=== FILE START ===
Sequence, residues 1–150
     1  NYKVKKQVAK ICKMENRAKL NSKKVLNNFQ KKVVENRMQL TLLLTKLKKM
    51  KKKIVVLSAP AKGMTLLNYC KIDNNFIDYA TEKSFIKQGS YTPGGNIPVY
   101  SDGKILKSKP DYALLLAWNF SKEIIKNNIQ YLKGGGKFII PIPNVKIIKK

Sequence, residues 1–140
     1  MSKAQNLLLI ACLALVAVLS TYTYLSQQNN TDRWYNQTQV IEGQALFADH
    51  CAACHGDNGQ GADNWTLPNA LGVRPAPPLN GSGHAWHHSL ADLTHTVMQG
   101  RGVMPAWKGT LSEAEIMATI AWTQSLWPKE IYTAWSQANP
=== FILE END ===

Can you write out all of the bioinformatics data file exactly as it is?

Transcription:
Sequence, residues 1–150
     1  NYKVKKQVAK ICKMENRAKL NSKKVLNNFQ KKVVENRMQL TLLLTKLKKM
    51  KKKIVVLSAP AKGMTLLNYC KIDNNFIDYA TEKSFIKQGS YTPGGNIPVY
   101  SDGKILKSKP DYALLLAWNF SKEIIKNNIQ YLKGGGKFII PIPNVKIIKK

Sequence, residues 1–140
     1  MSKAQNLLLI ACLALVAVLS TYTYLSQQNN TDRWYNQTQV IEGQALFADH
    51  CAACHGDNGQ GADNWTLPNA LGVRPAPPLN GSGHAWHHSL ADLTHTVMQG
   101  RGVMPAWKGT LSEAEIMATI AWTQSLWPKE IYTAWSQANP